Then I set up the dovetail jig, testing and tweaking it with some offcuts until the joints are coming out just right. I chose to use 6mm dovetails.

*UPDATE* dovetails are a bit over the top, you can get away with just rebating each edge 6mm and doing a rabbit joint with some pins, glue, and plenty of clamps. */UPDATE*

Then a long day of cutting joints! Make sure you're fully covered in your PPE, as this stage is very dusty...and MDF dust is nasty stuff.

Step 4: Glue em together

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I used "Resintite" wood glue. Just use plenty of clamps and keep checking everything's square.

For the more complicated shapes you'll want to do the gluing in a few phases. Maybe make a jig to help you along too.

You'll have a little bit of play in the joints before you put the back panels on, but it can't hurt to get em as accurate as possible now.

I scraped the glue on the inside joints off now, as sanding it off later would have been a nightmare.

Step 5: Back panels & filler

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Simply cut the back panels to fit each piece.

I measured the channels on each block and copied it onto some 3mm MDF using squares and suchlike. Get it as square and accurate as possible as the back panels will hold it in shape.

3mm MDF isn't the toughest material in the world so with a bit of persistence I got through it with a knife & a straight edge.

Then I glued them in place, wiping the glue off the inside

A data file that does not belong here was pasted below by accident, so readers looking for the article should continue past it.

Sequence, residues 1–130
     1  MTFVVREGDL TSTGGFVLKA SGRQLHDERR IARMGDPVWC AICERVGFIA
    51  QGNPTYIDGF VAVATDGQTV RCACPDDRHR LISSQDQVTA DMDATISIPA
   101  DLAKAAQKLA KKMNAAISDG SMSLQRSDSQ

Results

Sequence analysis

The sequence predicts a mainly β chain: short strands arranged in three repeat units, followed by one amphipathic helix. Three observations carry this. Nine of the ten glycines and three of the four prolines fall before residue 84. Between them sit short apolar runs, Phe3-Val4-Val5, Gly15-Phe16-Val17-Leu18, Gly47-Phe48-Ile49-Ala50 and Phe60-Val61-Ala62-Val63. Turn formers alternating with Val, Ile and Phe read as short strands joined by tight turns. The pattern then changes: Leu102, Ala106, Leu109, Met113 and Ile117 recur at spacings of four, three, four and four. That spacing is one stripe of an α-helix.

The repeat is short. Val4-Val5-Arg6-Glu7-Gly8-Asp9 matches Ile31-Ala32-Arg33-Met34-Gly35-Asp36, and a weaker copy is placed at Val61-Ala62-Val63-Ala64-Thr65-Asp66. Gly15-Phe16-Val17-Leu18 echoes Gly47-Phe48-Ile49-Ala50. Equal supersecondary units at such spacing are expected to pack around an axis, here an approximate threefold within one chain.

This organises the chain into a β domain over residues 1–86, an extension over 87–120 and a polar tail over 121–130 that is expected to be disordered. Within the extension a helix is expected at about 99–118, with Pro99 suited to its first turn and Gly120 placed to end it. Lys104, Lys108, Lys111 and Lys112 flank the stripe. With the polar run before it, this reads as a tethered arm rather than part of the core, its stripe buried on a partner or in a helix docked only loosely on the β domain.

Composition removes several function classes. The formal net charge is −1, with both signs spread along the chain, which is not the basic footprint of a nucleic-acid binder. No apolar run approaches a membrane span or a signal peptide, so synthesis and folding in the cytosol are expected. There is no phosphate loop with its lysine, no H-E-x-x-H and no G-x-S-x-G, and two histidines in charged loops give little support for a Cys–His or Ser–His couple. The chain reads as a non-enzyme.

Once that was dry I rubbed in a good amount of filler, and it all got a good sanding (use a dust mask).

Step 6: Paint

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Before painting I gave each surface a wipe with damp cloth to get the dust off.

Then I gave each block a couple of coats of primer, sanding with 240grit after each coat.

I went for the "Tetris worlds" colour scheme...as all the other versions have a magenta (pink!) block. I thought I'd give spray paint a chance as I found it hard to get a smooth finish with brushes on my first set.

Spray paint was virgin territory for me, so I checked out this instructable.

Basically....spray at about 6inches & perpendicular to the surface, wear a good quality mask, and it's better to do lots of thin coats instead of fewer thick coats.

Step 7: Finished!

And there we go!

The long piece came out more green than cyan, but other than that I'm really pleased with them, and added to my old set they're well on their way to making it to the ceiling!

Its nice :)

thermallyme1 month ago

Wonderful

KimberlyC12 months ago
Can I order this? I wished I have the skills in making something like this.
jaimee3780653 months ago

Do you know what exact brands and colors of spray paint you used?

cdevildevil5 months ago

Putting a square block right on top of that hole at the top would really drive people crazy. I think I might do it :D